Images of the devastation that Hurricane Ian caused in Florida are both heart-wrenching and eye-opening. At first glance, it’s easy to focus on the significant damage the storm wrought along the state’s west coast, in areas like Sanibel Island and Fort Myers. But this powerful hurricane also tore through the center of the state, causing devastating flooding far from the coast. Early estimates place the total insured losses at $53 - 74 billion.

If there is a lesson to learn from Hurricane Ian, it’s that every homeowner is at risk of flooding and every home should be protected with flood insurance.

Why Flood Coverage is Often Overlooked

As a Wall Street Journal article noted, only a small percentage of the homes in the two hardest hit counties in Florida were covered by flood insurance. Even in the more vulnerable coastal areas of the state, there is only one affected county where more than half the homes are covered by flood insurance.

Those facts may come as a surprise, given Florida’s exposure to hurricanes and tropical storms. Yet, the reasons many homeowners in the counties hit by Hurricane Ian weren’t protected by flood insurance are the same reasons many homeowners across the country don’t carry this coverage.

  • If you’ve never experienced a flood at your primary or seasonal home, you are likely to think it will never happen to you.
  • If you are already paying a lot for your standard homeowner’s insurance policy, you might make the decision to forego a flood policy to keep your total insurance costs down. (This happens often in markets like Florida and California, where homeowner’s insurance is extremely expensive.)
  • If you paid cash for your home, there is no lender requiring you to have flood insurance (or even homeowner’s insurance), so the coverage might fall through the cracks. Even if you do have a mortgage, if your home isn’t in a high-risk flood zone then your lender might not require a flood policy.

Why the Risk of Flood Exposure is Greater Than You Think

Compounding the fact that many homeowners don’t buy flood insurance is the fact that more properties are at risk of flooding than their owners might expect.

As the aftermath of Hurricane Ian demonstrates, you don’t need to live near a large body of water to be exposed to flooding.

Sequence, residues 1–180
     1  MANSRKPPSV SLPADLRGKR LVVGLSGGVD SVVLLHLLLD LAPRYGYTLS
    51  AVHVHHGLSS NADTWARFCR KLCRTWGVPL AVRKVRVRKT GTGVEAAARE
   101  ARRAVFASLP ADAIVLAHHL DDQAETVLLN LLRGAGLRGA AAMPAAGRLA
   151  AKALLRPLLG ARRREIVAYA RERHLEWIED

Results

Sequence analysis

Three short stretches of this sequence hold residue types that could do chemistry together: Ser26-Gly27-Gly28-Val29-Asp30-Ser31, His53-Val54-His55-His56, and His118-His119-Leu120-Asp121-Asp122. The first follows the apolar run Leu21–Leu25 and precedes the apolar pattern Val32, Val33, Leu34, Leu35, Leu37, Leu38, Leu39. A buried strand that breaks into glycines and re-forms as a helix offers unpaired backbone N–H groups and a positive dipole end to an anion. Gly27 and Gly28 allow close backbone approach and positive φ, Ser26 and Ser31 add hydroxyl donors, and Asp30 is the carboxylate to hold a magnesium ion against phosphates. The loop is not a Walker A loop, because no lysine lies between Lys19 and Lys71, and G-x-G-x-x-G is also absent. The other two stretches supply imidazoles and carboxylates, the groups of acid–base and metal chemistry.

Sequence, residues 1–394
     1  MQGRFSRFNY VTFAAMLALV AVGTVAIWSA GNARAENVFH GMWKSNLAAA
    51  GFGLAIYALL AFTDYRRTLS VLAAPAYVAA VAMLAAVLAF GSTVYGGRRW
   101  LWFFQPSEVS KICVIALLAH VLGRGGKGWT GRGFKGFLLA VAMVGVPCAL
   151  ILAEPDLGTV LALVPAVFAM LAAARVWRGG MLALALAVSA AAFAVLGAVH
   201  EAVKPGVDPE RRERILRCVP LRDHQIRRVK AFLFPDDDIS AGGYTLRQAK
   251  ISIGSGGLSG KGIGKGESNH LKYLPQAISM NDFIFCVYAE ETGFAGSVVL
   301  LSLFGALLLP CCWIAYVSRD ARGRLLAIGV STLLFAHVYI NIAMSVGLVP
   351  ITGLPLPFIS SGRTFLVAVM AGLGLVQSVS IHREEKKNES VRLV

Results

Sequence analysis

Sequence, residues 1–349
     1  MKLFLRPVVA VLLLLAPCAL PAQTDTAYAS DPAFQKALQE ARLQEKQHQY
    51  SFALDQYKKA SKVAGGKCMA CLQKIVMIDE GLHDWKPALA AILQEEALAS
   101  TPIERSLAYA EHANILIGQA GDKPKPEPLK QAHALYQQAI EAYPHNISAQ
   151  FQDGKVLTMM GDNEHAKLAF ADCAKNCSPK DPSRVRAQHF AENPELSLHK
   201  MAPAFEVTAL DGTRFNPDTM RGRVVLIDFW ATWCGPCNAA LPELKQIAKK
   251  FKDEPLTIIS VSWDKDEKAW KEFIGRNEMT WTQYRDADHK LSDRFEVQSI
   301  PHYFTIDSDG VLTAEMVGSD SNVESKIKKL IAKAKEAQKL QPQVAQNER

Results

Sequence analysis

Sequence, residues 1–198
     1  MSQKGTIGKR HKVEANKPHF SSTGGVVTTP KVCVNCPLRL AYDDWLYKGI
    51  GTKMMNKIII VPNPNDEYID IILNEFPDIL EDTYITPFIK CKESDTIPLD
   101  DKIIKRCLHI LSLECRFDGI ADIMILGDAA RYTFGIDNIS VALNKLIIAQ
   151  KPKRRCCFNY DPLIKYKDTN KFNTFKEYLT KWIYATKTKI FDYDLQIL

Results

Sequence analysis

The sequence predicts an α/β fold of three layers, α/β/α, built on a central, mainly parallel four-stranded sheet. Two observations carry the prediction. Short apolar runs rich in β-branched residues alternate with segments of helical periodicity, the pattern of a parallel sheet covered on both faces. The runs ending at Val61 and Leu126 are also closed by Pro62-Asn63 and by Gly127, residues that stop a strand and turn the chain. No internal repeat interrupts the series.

For example, a slow-moving Nor’easter can drop a deluge of rain for days, overwhelming the local stormwater system. With nowhere else to go, all that water will eventually find its way into homes and commercial properties. It happens all the time, even in areas deemed at low risk for flooding and on relatively flat terrain. And with climate change projected to drive larger, more intense storms with greater rainfall totals, the risk of flooding isn’t likely to abate in the future.

While flooding isn’t a risk that the average homeowner thinks about, unless they own a home near the beach, it’s certainly top of mind for insurance carriers. In fact, most homeowner’s insurance policies explicitly exclude flooding as a covered peril. There are occasional instances where damage from wind-driven rain might be covered by a homeowner’s or wind policy, but those are few and far between. And though federal disaster relief is available in the event of a hurricane or other natural disaster, it only provides access to low interest rate loans that you’re required to pay back. That’s much different than receiving a check for your covered claim.

What This Means for Homeowners

Even if you live in an area rated as low risk for flooding, it’s prudent to view flood insurance as being equally important as a homeowner’s insurance policy.

A flood policy purchased through the government’s National Flood Insurance Program can cover a home for up to $250,000 in property damage and an additional $100,000 for the home’s contents, and the premiums are relatively affordable (as of this writing). For higher-value homes, excess flood insurance is available from several private insurers.

While industry experts anticipate that the staggering losses caused by Hurricane Ian will drive up flood insurance premiums and restrict policy availability, given the high odds of a flood and the high costs of flood damage it still pays to protect your home from this growing risk.

How B.F. Saul Insurance Can Help

A private insurance advisor like B. F. Saul Insurance can prove invaluable in protecting your primary or seasonal home from flooding and other perils.

Our advisors have experience in every state in the US, working with homeowners in all flood zones, across the full spectrum of property values. And unlike a captive agent that only works with a single insurance carrier, we’re an independent advisor that can recommend coverage options from a wide variety of carriers. Homeowners often tap our expertise before purchasing a property, especially in a new area, to avoid unpleasant surprises about coverage availability and costs.

Whether you’re looking to better protect your existing property or you’re in the market for a new home, contact the experts at B. F. Saul Insurance to assess your exposure to flood and other risks and ensure you’re fully covered for whatever life sends your way.

Lanie Raphael-1

In order to bring the best content to our readers, we feature various writers from within B.F. Saul who have advanced expertise in key, niche areas of insurance. This is an article by featured writer, Lanie Raphael, B.F. Saul Insurance's Senior Vice President and Practice Leader, Personal and Commercial Lines practices.

Lanie's LinkedIn



Publish Date: